Though it began in 2004 as an online yearbook for Harvard students, Facebook soon opened its membership to other universities, then high schools, then everyone else. You can search for friends according to their school, city, or work affiliations, and you can join more than one of these networks, allowing you to maintain connections with ex-classmates, neighbors, and coworkers. Using this approach, the site has grown to a staggering 60 million members. Its main features--photo and video sharing, messaging, and public message boards--are similar to those on MySpace, but it eschews the crazy skins and music players that render many MySpace profiles illegible.
Unfortunately, beneath Facebook's clean, blue-and-white facade lies potential risk. Last year, Facebook's controversial Beacon advertising scheme, which made members' online purchases viewable by other members, caused an uproar as members objected to being transformed into unwitting (and uncompensated) product endorsers. If you (reasonably) worry that such a privacy gaffe could recur, you can use Facebook's fine-grained security settings to establish an appropriate level of privacy protection. See "Give Your Facebook Page a Much-Needed Lift" from our December 2007 issue for additional Facebook safety and customization tips.
Unlike Facebook and MySpace, which are essentially about fun and friends, LinkedIn promotes your career or your business. LinkedIn has become one of the most talked-about social networks, and has quickly grown to nearly 20 million members.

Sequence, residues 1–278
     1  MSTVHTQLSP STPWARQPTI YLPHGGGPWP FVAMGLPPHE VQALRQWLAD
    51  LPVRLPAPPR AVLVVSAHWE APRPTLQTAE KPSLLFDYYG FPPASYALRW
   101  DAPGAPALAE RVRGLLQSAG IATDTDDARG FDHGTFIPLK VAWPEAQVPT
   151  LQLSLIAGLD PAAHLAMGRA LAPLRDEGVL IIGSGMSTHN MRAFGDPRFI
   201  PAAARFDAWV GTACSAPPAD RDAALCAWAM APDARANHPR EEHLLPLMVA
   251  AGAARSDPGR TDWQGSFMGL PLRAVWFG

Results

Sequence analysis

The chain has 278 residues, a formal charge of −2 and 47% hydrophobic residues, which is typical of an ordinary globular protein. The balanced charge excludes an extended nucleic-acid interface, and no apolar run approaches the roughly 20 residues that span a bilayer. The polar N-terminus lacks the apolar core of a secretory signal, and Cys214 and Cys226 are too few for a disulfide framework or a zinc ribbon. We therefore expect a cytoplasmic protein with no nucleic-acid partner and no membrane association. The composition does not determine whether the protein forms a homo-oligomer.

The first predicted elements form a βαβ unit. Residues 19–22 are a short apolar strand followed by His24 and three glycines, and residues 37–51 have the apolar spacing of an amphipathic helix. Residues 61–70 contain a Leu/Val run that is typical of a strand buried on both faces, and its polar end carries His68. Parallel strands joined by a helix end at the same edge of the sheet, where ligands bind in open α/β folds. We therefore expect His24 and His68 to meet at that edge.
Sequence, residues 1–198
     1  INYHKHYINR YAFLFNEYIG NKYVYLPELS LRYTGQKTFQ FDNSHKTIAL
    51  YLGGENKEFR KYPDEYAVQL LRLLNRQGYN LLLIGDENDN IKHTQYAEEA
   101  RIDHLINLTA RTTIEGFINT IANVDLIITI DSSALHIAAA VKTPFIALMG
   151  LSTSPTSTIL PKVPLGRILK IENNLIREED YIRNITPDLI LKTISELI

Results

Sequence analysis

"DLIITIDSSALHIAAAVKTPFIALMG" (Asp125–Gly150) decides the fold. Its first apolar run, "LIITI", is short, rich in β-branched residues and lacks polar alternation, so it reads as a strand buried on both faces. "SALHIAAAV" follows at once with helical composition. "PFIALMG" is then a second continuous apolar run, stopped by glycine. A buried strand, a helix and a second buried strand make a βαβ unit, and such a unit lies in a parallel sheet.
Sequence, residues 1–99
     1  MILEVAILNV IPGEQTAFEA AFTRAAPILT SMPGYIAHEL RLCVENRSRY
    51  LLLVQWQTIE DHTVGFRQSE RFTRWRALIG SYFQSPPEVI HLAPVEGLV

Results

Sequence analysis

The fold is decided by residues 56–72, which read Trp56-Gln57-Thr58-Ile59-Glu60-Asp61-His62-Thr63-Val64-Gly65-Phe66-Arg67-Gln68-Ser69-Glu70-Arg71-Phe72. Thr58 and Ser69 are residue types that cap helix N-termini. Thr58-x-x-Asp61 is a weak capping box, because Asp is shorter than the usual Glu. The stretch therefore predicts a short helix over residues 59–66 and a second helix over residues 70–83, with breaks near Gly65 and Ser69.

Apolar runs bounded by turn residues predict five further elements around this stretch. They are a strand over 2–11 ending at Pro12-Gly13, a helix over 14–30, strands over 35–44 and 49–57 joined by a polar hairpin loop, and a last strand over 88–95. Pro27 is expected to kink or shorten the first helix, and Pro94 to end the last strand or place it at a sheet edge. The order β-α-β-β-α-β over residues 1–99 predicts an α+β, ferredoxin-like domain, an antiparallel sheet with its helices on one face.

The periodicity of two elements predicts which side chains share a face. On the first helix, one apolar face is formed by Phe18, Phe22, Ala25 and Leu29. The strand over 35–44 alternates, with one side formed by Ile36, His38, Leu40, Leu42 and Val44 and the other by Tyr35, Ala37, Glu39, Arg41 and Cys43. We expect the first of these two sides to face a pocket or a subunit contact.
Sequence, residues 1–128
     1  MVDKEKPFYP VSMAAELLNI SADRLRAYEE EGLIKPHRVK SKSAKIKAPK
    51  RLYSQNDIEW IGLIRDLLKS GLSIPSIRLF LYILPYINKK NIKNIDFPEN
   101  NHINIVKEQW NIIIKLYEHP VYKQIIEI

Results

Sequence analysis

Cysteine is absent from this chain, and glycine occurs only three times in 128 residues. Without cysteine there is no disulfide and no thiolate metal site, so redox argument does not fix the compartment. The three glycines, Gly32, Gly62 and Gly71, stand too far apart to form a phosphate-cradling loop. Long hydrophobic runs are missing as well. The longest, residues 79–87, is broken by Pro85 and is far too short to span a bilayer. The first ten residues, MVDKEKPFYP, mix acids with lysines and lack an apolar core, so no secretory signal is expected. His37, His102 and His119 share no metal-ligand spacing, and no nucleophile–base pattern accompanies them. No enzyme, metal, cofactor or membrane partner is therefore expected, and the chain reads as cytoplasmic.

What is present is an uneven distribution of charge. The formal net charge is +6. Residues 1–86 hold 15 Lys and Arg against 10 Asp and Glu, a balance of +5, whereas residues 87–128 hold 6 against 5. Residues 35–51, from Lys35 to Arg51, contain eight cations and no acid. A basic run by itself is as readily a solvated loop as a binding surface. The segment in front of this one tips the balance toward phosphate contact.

Like other social networks, LinkedIn revolves around your personal profile. But instead of displaying lists of your favorite bands and collections of party snapshots, your LinkedIn profile showcases your employment history, your professional skills, and your education and awards, and explains how and why you want to be contacted. To get the most out of your LinkedIn membership, you should make these entries brief, complete, and sparkling, just as you would on any r
Is Twitter really a social network? Yes, but not in the way Facebook and MySpace are. The content that drives Twitter is a relentless stream of real-time personal status postings called tweets, each limited to a maximum of 140 characters. "Going out for more batteries," or "Feeling snacky, I think I'll have a salad" are the stuff of Twitter greatness--as long as tracking your friends' ephemeral actions and mutterings is your cup of tea.
After you've signed up, it's worthwhile to peruse the ever-changing public updates page--to see the variety of ways people use Twitter and to find interesting Twitterers to follow. You can also allow Twitter to search through your e-mail address book to see whether any of your contacts are already Twitter users. In time, other people may follow your tweets, too. If you'd rather not broadcast your posts to the universe, select the 'Protect my Updates' option in Twitter's settings to keep your posts out of the public timeline and approve any followers before they can see your tweets. You can even have Twitter "nudge" you with an e-mail reminder should you forget to post for a while. When you're away from your computer, Twitter permits you to send and receive tweets on your cell phone via SMS or Twitter's mobile Web site. I recently used the latter to keep tabs on Steve Jobs's January Macworld Expo keynote via the twittering of several Mac pundits in the audience.